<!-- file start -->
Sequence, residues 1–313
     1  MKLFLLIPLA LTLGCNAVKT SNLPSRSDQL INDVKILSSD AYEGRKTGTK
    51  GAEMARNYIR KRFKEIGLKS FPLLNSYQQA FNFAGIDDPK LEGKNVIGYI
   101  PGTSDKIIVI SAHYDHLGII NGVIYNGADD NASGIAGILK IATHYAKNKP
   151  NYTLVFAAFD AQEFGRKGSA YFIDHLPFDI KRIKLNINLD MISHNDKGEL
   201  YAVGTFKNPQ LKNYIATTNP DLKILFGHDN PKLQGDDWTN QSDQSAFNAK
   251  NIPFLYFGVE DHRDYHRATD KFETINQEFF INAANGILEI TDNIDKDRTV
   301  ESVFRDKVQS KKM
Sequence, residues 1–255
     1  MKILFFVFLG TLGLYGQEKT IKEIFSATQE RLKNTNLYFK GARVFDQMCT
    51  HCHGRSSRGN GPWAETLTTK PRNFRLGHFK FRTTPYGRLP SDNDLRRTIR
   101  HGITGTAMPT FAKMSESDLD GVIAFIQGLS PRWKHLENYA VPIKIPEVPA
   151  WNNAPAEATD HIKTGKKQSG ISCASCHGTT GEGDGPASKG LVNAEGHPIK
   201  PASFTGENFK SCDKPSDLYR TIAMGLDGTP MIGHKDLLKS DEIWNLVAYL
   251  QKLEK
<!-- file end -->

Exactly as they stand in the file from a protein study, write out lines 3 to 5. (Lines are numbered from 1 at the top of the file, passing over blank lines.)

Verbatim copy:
    51  GAEMARNYIR KRFKEIGLKS FPLLNSYQQA FNFAGIDDPK LEGKNVIGYI
   101  PGTSDKIIVI SAHYDHLGII NGVIYNGADD NASGIAGILK IATHYAKNKP
   151  NYTLVFAAFD AQEFGRKGSA YFIDHLPFDI KRIKLNINLD MISHNDKGEL